Wednesday, March 11, 2009

Arabic for dumb white people

Marhaba Habibi!

Before I moved to Doha, I decided I was going to learn Arabic. I was realistic, knowing there was no way I would become fluent, but that I’d could easily grasp conversational language. Sure, I’ve picked up words here and there, but as it turns out, almost everyone speaks English in Qatar.

It makes sense, I suppose. Ex-patriots outnumber Qatari nationals by a wide margin here. English is the dominant “business language.” Even so, this is a Muslim country and the locals speak Arabic. Shouldn't the rest of us at least try?

I went to my first business meeting the other day. I was in a conference room with about 12 Qatari men, four white dudes and three white women, myself included. The meeting was conducted in English. There was only *one* Qatari who didn’t speak English, and his buddy next to him translated the two hour meeting for his benefit.

It’s bizarre how a meeting hosting more Arabic speakers than English speakers was held in English. Westerners aren't expected to know the language, no one thinks less of us for it, but I feel like a total ass.

Anyways, sitting in an English meeting in an Arabic country made me want to learn the language even more. It is definitely tough, but beautiful too.

Here are the crucial Arabic words I’ve learned so far. Excuse any improper spelling:

Wasta – power, influence
Bizzarpt – exactly
Marhaba – welcome
Bukrah – tomorrow
Shokran – thank you
Halla- enough
Yella – go go go
La – no no no
Naam – yes
Min fadlik – please
Mabrouk – congratulations

I’m obsessed with Arabic numbers. License plates have arabic and english numbers, so it's much easier to pick them up than the alphabet. Peep this:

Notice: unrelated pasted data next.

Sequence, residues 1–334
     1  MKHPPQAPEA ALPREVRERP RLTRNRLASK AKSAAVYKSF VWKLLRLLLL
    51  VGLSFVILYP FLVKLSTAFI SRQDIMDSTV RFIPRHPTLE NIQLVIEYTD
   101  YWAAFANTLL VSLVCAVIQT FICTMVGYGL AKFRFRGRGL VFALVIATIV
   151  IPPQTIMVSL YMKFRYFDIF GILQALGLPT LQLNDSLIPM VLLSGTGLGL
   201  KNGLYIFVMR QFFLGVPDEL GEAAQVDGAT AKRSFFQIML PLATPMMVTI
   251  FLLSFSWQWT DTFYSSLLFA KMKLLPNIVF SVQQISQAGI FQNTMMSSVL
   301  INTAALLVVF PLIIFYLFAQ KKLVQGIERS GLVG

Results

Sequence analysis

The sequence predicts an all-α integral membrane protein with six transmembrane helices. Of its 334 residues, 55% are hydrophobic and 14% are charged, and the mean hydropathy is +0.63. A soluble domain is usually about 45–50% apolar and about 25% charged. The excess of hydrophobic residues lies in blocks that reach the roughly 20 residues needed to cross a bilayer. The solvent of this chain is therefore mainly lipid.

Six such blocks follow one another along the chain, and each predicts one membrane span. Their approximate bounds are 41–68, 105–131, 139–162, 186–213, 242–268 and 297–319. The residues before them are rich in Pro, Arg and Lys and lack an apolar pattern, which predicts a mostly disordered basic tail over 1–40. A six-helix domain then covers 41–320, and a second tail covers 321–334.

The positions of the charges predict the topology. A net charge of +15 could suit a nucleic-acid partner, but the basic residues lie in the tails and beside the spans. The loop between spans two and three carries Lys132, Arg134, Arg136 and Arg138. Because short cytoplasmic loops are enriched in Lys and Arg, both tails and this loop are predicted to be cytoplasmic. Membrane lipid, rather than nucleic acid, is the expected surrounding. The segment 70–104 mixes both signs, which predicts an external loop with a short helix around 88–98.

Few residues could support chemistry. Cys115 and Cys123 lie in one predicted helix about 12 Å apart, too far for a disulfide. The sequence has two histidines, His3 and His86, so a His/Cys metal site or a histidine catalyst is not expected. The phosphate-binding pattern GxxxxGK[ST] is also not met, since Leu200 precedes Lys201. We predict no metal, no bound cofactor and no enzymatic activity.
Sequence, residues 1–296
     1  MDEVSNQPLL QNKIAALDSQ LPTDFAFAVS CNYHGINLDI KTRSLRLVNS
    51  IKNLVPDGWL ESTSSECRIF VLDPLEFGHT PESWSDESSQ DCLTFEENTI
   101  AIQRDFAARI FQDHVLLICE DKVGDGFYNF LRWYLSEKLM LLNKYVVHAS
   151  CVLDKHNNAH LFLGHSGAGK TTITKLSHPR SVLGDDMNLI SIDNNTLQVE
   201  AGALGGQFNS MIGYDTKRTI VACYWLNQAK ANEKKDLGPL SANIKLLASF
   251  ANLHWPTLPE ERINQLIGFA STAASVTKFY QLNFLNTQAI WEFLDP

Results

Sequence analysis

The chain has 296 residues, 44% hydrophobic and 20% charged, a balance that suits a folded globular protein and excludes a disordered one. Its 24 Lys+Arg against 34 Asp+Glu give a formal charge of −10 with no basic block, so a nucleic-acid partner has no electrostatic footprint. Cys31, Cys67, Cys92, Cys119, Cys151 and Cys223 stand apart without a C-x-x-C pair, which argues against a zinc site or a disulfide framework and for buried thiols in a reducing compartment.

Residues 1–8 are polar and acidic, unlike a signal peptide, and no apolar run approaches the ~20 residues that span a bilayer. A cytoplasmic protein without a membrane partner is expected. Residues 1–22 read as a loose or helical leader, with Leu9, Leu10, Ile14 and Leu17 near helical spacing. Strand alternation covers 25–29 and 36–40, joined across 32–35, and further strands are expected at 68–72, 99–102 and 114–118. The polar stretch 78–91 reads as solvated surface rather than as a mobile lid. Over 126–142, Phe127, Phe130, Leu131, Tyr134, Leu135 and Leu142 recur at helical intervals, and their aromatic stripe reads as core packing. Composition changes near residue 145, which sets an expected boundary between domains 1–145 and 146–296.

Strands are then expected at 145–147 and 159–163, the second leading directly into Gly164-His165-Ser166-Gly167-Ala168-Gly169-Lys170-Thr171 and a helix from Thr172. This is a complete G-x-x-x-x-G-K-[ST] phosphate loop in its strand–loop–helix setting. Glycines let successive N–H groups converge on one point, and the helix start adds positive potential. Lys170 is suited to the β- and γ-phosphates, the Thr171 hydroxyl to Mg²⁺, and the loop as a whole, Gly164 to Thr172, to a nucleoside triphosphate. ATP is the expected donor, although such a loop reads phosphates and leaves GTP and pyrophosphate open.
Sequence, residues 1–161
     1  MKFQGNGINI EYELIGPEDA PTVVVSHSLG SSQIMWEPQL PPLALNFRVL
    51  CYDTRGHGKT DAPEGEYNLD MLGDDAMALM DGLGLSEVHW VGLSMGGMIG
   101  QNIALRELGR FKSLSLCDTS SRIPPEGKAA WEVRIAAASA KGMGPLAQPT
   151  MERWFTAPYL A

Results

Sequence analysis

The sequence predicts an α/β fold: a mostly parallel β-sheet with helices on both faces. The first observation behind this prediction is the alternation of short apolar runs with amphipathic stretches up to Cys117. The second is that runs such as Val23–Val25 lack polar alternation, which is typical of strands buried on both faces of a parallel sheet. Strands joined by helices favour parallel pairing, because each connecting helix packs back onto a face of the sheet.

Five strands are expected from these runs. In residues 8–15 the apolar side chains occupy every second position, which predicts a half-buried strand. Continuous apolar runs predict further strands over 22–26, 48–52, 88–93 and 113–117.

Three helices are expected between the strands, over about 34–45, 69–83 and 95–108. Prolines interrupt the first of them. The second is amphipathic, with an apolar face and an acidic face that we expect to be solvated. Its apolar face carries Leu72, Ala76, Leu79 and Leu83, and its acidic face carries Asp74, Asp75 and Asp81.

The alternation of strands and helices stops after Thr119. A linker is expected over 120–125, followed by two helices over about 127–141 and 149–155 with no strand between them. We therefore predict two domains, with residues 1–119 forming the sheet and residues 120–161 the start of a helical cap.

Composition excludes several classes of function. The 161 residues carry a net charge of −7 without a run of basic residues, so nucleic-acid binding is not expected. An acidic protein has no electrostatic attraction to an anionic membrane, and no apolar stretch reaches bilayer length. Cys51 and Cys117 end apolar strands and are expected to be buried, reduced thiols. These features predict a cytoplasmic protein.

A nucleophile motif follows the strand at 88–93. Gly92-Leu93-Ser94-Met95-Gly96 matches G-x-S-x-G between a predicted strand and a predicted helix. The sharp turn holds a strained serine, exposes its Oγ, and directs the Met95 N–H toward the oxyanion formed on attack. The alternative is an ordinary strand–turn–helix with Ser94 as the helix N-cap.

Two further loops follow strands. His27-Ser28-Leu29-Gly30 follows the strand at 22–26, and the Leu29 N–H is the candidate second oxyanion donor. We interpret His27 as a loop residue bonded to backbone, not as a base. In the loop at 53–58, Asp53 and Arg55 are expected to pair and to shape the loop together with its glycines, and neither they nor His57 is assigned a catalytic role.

Alphabet here:
I know the easiest way to pick up a lanague is to immerse yourself in the culture, but how am I supposed to learn Arabic when I don't have to? It ain't right.

2 comments:

  1. Um,

    I'm no language or math expert, but I have a few bones to pick with this here number system and alphabet.

    How many times is an order of 222,222 barrels of oil confused with 333,333 barrels of oil? 17 times an hour?

    Second of all, their alphabet has 112 characters. And I still can't even write 'Gord'. Or even 'G'. However, they apparently have 'letters' for both the number 8 and 3. Which should come in handy, because no one can tell the fucking difference between the number symbols.

    ENGLISH FOREVER!

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  2. That numbers chart is a little blurry. Number 3 actually looks very different from two. The greatest difficulty for me is remembering which is 2 and which is 6.

    But seriously. Arabic is hard. It doesn't help that they read from right to left. As if the language didn't look backwards already.

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Ramble on...